The Woolcock Institute of Medical Research

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Germs a secret weapon in lung cancer fight

Friday, February 04, 2022

A simple test of bacteria lurking in the lungs could soon be used to identify which cancer patients will respond well to powerful, potentially life-saving treatment.

Researchers at the Woolcock Institute of Medical Research in Sydney are investigating naturally-occurring microorganisms found in the lungs, collectively called the microbiome, thought to be promoting lung disease and interfering with lung cancer treatments. 

The team is studying the lungs of Australians diagnosed with lung cancer in the hope of finding patterns of microbes that can predict which patients respond to certain treatments, in particular immunotherapy.

"Armed with this knowledge, we hope todevelop a simple test to reveal which patients will response best to the powerful but potentially harmful treatments available," explains Anna McLean, the PhD student behind the study. "This would spare patients from undergoing ineffective treatments, thereby improving quality of life." 

This novel approach also paves the way for much-needed new lung cancer treatments, she says. "It's possible that microbiomes found to be associated with unfavourable outcomes could be manipulated with antibiotics, probiotics or via completely new techniques to significantly improve patient outcomes." 

Lung cancer is Australia's deadliest cancer, with the disease killing almost 9,000 people every year – more than breast, ovarian and prostate cancer combined. These dire statistics are largely explained by late diagnosis, with only 20 percent of cancers caught in the early stage. Funding lags behind other cancers due to its association with smoking. However, this stigma is somewhat misplaced, given that 1 in 3 women diagnosed with lung cancer are non-smokers.

Immunotherapy, a new form of treatment that boosts the patient's own immune system to target the cancer, has shown significant potential in treating lung cancer, Dr McLean says. "But, problematically, the response to treatment is extremely variable and we lack good markers to predict those more likely to respond."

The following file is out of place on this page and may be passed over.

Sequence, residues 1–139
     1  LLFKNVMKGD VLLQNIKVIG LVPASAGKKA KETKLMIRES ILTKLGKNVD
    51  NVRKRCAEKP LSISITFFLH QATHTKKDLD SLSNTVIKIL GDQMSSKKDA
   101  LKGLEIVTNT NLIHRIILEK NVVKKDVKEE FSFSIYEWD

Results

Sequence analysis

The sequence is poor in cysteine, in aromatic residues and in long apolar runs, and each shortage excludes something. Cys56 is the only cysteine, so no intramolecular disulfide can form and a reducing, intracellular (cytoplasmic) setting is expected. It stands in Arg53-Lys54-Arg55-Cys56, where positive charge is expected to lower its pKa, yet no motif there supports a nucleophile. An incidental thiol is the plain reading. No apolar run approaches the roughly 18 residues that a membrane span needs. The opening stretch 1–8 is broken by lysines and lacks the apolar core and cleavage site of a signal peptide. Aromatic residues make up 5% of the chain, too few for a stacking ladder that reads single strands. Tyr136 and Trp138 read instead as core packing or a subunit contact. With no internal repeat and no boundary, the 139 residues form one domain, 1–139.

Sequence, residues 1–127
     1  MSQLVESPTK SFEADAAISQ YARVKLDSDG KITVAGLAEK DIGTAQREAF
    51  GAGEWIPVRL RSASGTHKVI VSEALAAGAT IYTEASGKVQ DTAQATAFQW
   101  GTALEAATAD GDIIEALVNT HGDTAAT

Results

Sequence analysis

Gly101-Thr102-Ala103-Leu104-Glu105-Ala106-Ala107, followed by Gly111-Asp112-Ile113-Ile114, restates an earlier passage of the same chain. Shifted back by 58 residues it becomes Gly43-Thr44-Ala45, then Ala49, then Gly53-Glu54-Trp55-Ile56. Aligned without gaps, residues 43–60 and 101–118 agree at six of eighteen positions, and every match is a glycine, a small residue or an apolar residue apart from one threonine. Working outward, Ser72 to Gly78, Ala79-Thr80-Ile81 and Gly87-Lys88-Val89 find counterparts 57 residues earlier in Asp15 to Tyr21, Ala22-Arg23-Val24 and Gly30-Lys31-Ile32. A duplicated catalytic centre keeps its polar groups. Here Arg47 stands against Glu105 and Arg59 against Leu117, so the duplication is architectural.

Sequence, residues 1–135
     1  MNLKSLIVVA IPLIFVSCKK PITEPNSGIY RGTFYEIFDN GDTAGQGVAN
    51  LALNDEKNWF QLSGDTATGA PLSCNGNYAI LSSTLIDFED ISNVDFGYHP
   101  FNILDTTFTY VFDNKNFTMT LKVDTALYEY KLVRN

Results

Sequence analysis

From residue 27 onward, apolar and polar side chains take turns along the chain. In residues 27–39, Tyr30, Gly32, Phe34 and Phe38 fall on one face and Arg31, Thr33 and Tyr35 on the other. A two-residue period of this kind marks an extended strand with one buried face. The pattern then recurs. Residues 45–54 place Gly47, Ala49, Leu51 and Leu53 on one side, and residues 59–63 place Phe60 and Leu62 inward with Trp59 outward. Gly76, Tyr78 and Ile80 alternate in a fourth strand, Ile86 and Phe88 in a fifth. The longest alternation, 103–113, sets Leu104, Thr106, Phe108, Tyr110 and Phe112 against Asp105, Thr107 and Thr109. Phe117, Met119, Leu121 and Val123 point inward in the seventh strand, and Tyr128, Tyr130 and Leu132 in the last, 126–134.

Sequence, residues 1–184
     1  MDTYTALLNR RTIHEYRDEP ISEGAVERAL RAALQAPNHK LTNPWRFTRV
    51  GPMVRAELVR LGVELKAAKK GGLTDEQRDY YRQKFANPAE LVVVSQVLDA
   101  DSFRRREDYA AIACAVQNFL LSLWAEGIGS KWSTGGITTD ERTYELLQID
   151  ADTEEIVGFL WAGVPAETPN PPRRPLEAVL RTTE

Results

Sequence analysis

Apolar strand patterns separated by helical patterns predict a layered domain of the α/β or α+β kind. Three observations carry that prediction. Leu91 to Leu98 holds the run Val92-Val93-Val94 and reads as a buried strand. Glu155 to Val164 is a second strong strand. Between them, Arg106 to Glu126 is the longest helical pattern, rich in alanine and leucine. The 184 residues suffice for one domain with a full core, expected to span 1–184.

The Woolcock team is investigating the role of the lung microbiome – the complex community of beneficial and harmful microbes in organs – in influencing treatment effectiveness in 200 NSW patients. When patients undergo a lymph node biopsy, respiratory clinicians also wash and brush the lining of the airway at the suspected cancer site to gather a microbiome sample.

By identifying an individual's microbiome and then tracking their treatment journey, researchers hope to uncover the impact of the microbiome on tumour progression and treatment response.

"The development of novel non-invasive tests based on microbiome markers has the potential to drastically improve treatment outcomes and quality of life for patients with lung cancer by enabling early diagnosis and the personalisation of treatment," Dr McLean says.

The project is being overseen by Professor Maija Kohonen-Corish, director of the Woolcock's Centre for Lung Cancer Research, which runs programs across all areas of lung cancer research, including genetics, drug discovery, delivery of medications and patient care. The facility’s research model ensures laboratory breakthroughs are swiftly implemented in the clinic to benefit patients at the earliest opportunity. 

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